> That is really interesting, makes everything as
> clear as mud. It's rarely as simple as we want to
> think. Whatever author you quoted sounds to be
> very thorough and obviously you haven't given
> Gilgamesh just a passing glance, you've put some
> time into researching it.
I don't know why I didn't give the link. Getting old. HERE.
I ain't no expert thats for sure, but I have had to read it, or parts of it, several times. Then I had to try and figure out the different versions to date them and it gets to be a big mess. Just understanding that is a field of study all to itself.
> 10 days with ideal conditions, as the saying goes;
> god willin' and the crik don't rise.
And that's if Humbaba don't get you first.
> For those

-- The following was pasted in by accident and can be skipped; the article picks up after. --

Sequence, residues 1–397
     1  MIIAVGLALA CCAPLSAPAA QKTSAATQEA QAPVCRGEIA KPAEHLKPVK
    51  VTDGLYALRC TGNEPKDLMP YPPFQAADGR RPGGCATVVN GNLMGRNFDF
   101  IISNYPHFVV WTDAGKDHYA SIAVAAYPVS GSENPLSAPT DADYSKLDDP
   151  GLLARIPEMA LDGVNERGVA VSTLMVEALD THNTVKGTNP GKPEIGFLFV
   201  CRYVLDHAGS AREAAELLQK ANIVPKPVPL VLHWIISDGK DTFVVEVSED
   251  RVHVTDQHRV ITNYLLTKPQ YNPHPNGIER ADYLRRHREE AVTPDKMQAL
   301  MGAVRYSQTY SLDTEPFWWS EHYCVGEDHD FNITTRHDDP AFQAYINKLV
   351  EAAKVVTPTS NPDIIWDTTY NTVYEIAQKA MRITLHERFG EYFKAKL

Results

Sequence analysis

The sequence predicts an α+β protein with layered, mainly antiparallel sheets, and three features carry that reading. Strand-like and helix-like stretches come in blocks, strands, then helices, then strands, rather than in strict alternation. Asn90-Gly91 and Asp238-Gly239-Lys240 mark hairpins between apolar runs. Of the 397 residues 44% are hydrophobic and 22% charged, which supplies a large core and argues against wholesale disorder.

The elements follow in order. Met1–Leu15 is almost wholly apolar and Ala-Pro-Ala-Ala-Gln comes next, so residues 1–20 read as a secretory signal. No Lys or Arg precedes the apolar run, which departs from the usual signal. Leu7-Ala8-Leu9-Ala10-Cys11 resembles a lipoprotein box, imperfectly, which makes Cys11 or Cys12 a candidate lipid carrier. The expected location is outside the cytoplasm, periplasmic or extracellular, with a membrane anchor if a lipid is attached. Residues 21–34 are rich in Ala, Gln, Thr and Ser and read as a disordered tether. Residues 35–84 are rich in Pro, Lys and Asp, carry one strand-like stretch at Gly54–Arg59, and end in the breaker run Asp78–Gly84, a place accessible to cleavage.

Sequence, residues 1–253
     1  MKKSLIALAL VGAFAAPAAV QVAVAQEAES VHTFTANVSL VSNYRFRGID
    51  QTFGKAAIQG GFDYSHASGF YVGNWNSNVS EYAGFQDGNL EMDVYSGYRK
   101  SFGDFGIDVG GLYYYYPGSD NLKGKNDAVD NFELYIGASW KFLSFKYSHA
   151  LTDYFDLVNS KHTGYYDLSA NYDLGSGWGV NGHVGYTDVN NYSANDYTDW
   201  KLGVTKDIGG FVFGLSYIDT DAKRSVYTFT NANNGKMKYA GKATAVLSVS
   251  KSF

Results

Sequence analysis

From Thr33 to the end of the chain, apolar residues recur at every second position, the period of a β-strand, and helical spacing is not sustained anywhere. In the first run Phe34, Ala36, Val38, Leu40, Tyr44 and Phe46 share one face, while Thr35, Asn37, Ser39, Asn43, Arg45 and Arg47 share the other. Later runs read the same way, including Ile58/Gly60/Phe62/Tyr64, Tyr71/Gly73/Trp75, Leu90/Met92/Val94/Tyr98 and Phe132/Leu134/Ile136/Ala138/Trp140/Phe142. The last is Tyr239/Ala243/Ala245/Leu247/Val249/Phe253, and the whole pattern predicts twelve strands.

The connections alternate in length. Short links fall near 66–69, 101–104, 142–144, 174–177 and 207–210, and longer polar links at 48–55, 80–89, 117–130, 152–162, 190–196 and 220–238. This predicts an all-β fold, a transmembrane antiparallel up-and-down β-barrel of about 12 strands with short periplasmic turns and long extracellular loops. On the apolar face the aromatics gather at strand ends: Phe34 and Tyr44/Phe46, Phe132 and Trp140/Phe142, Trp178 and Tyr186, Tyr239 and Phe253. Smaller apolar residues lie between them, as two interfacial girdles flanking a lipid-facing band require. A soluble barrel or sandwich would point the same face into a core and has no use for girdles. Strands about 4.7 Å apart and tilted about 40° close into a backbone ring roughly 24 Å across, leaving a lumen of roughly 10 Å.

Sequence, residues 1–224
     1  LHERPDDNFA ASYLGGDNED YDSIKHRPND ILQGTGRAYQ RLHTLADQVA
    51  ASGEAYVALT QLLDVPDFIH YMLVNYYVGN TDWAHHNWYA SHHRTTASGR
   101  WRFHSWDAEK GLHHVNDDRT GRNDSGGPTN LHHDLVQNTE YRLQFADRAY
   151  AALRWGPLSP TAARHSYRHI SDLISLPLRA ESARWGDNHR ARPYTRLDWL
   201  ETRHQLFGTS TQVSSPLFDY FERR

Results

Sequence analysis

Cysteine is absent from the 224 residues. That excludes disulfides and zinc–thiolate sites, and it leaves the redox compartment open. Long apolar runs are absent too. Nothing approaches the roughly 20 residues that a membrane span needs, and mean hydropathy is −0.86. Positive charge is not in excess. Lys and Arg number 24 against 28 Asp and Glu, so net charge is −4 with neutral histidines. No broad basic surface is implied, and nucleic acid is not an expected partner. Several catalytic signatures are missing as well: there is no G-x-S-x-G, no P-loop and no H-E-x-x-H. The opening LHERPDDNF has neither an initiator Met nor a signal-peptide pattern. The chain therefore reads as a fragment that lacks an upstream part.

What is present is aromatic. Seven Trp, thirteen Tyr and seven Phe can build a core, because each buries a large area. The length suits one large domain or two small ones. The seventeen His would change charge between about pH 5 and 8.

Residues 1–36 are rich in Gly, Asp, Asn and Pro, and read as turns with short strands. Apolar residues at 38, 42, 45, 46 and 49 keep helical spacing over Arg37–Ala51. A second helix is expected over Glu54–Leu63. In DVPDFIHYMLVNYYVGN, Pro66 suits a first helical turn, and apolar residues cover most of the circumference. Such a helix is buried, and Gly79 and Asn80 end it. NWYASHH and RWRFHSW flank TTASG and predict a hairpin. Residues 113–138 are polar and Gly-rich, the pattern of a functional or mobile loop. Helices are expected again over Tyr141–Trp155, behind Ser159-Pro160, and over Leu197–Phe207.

> like me who need visuals, about the same time to
> walk the length of the Grand Canyon. All those
> objections and calculations about the impossible
> size of the forest were kind of a waste of time.
> Often it's better to keep the mouth shut and do a
> little research first, or just ask.
Some people are just that way.
> I wanted an idea of what a cedar forest would like
> that would create such a stir in the ancients,
> found this nice
> video of a forest up tbird's way. I didn't
> realize they were giant trees but I don't know if
> these are the same as the Lebanese cedar. In any
> case, a forest stretching for miles would have
> been an intimidating area, wouldn't want to get
> lost in it. Having been in the Redwoods I can
> understand the sense of reverence one can feel in
> a forest of giant trees.
Back in the day the cedar forest of Lebanon was much bigger. Considering the surrounding landscape of the Near East, the sight of such a magnificent forest was probably extra special.
Edited 1 time(s). Last edit at 15-Apr-18 02:36 by Thanos5150.